Kareem Abdul-Jabbar is a Writer on 'Veronica Mars' Now

The NBA's all-time leading scoring is a basketball Hall-of-Famer, a published author and columnist, and now a TV writer.

by Sean Newell
Sep 25 2018, 5:25pm

Photo by Tannen Maury/EPA-EFE

Los Angeles Lakers legend Kareem Abdul-Jabbar has one of the more fascinating career arcs in sports. Way back in 1967, while playing for John Wooden's UCLA juggernaut and then known as Lew Alcindor, the NCAA tried to slow down Kareem by outlawing dunking (it did not work).

Undeterred, he won three NCAA championships at UCLA, and then he went on to become a six-time champion in the NBA. He's also been a champion for racial equality, having boycotted the 1968 Olympics to protest discrimination. He has scored the most points in NBA history. He is, obviously, in the Basketball Hall of Fame. Point is: he could have very easily called it a career and ridden off into the sunset, comfortable with his legacy.

Instead, he's continued to speak out against discrimination and is a frequent op-ed contributor to the Huffington Post, Washington Post, The Guardian, Time, and other outlets. He has also written a Sherlock Holmes-inspired novelabout the detective's brother, Mycroft. And now, he is adding television screenwriter to his long and varied resume.

Rob Thomas, the creator of Veronica Mars, not the "Smooth" guy, announced the staff for the upcoming reboot (or continuation or whatever we are calling these things these days) of the cult classic and that giant man on the right is Kareem Abdul-Jabbar.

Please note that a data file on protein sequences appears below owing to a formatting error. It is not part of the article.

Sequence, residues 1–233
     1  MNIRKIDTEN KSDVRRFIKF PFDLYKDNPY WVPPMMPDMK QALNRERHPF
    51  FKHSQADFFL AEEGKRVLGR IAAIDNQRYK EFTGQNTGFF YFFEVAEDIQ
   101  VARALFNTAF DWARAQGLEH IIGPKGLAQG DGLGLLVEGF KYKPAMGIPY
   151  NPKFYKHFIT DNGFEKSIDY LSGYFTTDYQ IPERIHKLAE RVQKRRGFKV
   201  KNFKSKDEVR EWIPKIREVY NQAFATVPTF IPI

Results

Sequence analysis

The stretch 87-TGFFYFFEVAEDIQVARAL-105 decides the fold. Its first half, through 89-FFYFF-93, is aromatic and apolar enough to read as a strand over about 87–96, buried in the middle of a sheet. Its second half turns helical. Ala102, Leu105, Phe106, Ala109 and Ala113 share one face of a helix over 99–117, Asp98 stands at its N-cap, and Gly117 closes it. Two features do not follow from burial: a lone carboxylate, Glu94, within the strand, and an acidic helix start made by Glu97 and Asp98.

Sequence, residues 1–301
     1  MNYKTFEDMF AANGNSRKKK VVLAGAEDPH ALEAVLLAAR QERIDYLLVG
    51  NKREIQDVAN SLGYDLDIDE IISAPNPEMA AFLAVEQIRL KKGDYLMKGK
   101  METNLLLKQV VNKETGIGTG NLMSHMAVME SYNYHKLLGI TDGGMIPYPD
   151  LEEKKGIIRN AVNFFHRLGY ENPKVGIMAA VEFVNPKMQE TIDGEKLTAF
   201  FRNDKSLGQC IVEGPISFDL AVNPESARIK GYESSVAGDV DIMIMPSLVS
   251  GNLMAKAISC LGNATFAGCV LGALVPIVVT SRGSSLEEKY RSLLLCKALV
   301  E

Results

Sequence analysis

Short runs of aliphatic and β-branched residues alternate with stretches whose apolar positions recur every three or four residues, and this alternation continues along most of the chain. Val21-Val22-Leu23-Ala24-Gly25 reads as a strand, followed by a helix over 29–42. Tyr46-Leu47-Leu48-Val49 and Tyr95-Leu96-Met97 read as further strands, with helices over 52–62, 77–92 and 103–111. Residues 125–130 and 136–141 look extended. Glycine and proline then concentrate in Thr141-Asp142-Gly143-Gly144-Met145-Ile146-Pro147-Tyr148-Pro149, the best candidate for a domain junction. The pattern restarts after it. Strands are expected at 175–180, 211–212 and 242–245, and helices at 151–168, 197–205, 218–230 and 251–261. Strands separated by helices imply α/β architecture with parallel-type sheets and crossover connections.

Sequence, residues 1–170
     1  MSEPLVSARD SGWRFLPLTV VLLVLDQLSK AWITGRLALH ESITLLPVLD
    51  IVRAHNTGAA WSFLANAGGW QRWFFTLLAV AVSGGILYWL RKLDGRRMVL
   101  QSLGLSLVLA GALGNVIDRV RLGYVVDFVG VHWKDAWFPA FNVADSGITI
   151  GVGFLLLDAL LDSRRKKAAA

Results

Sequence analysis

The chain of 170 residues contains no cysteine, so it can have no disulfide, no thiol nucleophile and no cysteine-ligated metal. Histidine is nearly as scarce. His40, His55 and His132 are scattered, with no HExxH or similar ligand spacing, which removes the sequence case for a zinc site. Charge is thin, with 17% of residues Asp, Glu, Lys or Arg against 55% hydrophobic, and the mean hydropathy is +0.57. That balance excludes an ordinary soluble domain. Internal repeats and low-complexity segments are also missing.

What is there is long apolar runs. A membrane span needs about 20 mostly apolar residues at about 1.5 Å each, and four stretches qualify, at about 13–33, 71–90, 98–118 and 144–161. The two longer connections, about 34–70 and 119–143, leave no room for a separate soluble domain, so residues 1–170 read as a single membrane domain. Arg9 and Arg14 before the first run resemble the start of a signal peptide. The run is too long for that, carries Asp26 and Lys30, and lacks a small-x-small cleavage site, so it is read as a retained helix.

It is amazing to see where this man's life has taken him, but not at all surprising. We often reduce athletes to the finished products we see on television; the athletic feats we could never in a million years be capable of ourselves. It's easy to forget, though, the insane drive required to not only make it in professional sports and find maybe a modicum of success, but to thoroughly dominate in the way Abdul-Jabbar did. That takes an entirely different level of passion and commitment and engagement. When you retire, that doesn't just go away, it's got to be channeled somewhere, and Kareem has let his creative juices flow.

Still if you told me during the show's heyday, that the guy who perfected this—

—would go on to one day write for the beloved teen mystery drama once featured on the same channel as Dawson's Creek, I would have had an easier time believing Donald Trump became President of the United States.